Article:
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State of Minnesota v. Darin Thomas Mousseau

April 29, 2013


Itasca County District Court File No. 31-CR-11

The opinion of the court was delivered by: Rodenberg, Judge

This opinion will be unpublished and may not be cited except as provided by Minn. Stat. § 480A.08, subd. 3 (2012).

Affirmed in part, reversed in part, and remanded

Considered and decided by Larkin, Presiding Judge; Halbrooks, Judge; and Rodenberg, Judge.


On appeal from his conviction of second degree possession of methamphetamine, third-degree test refusal, and fourth-degree driving while impaired (DWI), appellant Darin Thomas Mousseau challenges the expansion of the traffic stop which led to the search of his vehicle and evidence seized during the warrantless search. In the alternative, appellant argues that his sentence for fourth-degree DWI must be vacated because it arose from the same behavioral incident as the third-degree test-refusal charge. We affirm in part, reverse in part, and remand.


In the early morning hours of July 11, 2011, Officer Breeden was patrolling the beach area of the O'Brien Reservoir in Itasca County near Highway 169. He followed a vehicle traveling westbound. He observed the driver-side tires of the vehicle cross the marked centerline by approximately one foot, followed by the driver's "jerking motion" back into his own lane of traffic. He also noted that the passenger-side tires made contact with the fog line. A license plate check indicated that the vehicle's tabs had expired in February 2010. Officer Breeden initiated a traffic stop. Appellant does not challenge the validity of the initial traffic stop.

Officer Breeden recognized appellant because he had previously charged him with third-degree possession of methamphetamine in 2010. Standing outside of appellant's open window, Officer Breeden immediately noticed that appellant's face was "real pale," he was "sweating around his hairline and face area," he had some "fresh new marks" and some "older scabs" on the outside of his left forearm, "bloodshot eyes," more constricted pupils than normal based on lighting conditions, and appeared to be "real shaky." Officer Breeden also noticed that appellant had dried saliva around his mouth and that he "smack[ed] his mouth" as he spoke. Appellant told Officer Breeden that he had bought the vehicle one to two months earlier and had transferred the title and the tabs to his name. Appellant started looking for the receipt to prove the ownership and current licensing of the vehicle. Officer Dasovich arrived at the scene to assist Officer Breeden.

Officer Breeden saw a large amount of cash when appellant opened his wallet to retrieve his driver's license. Appellant explained that he was unemployed but that his wife had given him the cash. Officer Breeden observed that the vehicle was in "disarray" and that there was a "fuzz buster" above the rear-view mirror and three air fresheners hanging from the center air vent. Officer Breeden also saw a vent on the driver's side at a "weird angle," which appeared to have been tampered with, and noticed that panels and portions of the vehicle interior had been removed, exposing wiring.

Officer Breeden ran appellant's driver's license through dispatch and found that he was on probation for a third-degree possession of methamphetamine charge from 2010. Based on his observations, Officer Breeden suspected that appellant was under the influence of controlled substances and that controlled substances could be present in the vehicle. Appellant located the receipt for his renewed tabs, and Officer Breeden determined that the receipt was valid. At that time, while still standing outside the driver's side window, and with Officer Dasovich at the passenger-side door shining his flashlight inside appellant's vehicle, Officer Breeden surveyed the interior of the car and noticed a small, black, "cinch end" bag just behind the passenger seat. Officer Breeden shined his flashlight through the back window of the vehicle and saw near the open end of the black bag "[what] appeared to be a large amount of money folded up, a stack of baggies . . . , some Q-tips . . . , and [what] appeared to be the stem smoking portion of a-a glass pipe." Officer Breeden recognized the pipe based on similar pipes he had seen in past drug arrests.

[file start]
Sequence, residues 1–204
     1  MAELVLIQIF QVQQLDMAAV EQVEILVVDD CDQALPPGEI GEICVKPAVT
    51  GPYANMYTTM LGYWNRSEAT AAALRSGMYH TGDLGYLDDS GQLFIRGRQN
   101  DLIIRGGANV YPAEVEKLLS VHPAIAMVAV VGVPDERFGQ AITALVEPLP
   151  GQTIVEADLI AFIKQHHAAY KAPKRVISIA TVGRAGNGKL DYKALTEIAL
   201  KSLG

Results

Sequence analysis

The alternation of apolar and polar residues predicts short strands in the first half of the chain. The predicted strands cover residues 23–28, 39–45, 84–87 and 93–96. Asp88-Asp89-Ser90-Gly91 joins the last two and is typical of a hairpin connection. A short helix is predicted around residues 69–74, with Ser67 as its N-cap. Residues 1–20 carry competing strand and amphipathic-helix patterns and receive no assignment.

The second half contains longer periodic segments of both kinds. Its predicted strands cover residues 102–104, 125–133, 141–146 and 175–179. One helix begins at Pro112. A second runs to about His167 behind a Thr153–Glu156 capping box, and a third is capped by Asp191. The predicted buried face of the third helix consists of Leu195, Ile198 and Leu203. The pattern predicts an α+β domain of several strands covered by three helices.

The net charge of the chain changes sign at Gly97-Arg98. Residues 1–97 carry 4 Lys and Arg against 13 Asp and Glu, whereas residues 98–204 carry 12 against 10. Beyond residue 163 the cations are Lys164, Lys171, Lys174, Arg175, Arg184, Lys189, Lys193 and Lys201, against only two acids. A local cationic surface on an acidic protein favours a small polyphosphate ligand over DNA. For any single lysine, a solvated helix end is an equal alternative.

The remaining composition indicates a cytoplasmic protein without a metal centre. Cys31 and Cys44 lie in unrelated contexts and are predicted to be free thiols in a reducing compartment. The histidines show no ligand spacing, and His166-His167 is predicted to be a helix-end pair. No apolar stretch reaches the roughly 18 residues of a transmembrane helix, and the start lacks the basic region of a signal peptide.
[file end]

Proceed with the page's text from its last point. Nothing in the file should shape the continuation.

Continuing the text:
Officer Breeden sought consent to search the vehicle and interpreted appellant's ambiguous response as affirmative.*fn1 In the car, Officer Breeden confirmed the presence of a large amount of cash, small baggies, Q-tips, and a glass smoking device that had "white residue toward the mouthpiece." Officer Breeden then arrested appellant for possession of a pipe containing controlled substance residue.

Appellant fell asleep in the squad car before Officer Breeden could administer field sobriety tests, which were later performed at the police station. Officer Breeden concluded that appellant was under the influence of a controlled substance. Appellant was unable to provide a urine sample. He admitted to jail staff that he had used methamphetamine and THC approximately three days prior to his arrest.

Appellant was charged with second-degree possession of methamphetamine; third-degree test refusal; fourth-degree DWI; possession of a small amount of marijuana; and possession of drug paraphernalia. He moved to suppress the evidence seized during the stop. The district court found that the initial stop was justified by the observed driving conduct and that Officer Breeden had a reasonable suspicion to expand the scope of the stop to investigate possible drug offenses. The district court concluded that the search was justified by the plain-view and automobile exceptions to the warrant requirement. Following a trial on stipulated facts, ...

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